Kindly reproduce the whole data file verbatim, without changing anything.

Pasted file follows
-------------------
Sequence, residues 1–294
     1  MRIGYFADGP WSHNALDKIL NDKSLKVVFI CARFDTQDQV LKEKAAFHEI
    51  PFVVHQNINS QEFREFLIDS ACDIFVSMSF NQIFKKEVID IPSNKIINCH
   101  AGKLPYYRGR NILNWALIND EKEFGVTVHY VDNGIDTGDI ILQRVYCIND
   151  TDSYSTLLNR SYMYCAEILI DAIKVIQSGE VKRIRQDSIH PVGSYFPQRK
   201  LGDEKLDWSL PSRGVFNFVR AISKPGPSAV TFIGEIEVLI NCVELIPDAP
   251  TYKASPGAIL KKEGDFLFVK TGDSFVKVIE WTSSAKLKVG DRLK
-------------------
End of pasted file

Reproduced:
Sequence, residues 1–294
     1  MRIGYFADGP WSHNALDKIL NDKSLKVVFI CARFDTQDQV LKEKAAFHEI
    51  PFVVHQNINS QEFREFLIDS ACDIFVSMSF NQIFKKEVID IPSNKIINCH
   101  AGKLPYYRGR NILNWALIND EKEFGVTVHY VDNGIDTGDI ILQRVYCIND
   151  TDSYSTLLNR SYMYCAEILI DAIKVIQSGE VKRIRQDSIH PVGSYFPQRK
   201  LGDEKLDWSL PSRGVFNFVR AISKPGPSAV TFIGEIEVLI NCVELIPDAP
   251  TYKASPGAIL KKEGDFLFVK TGDSFVKVIE WTSSAKLKVG DRLK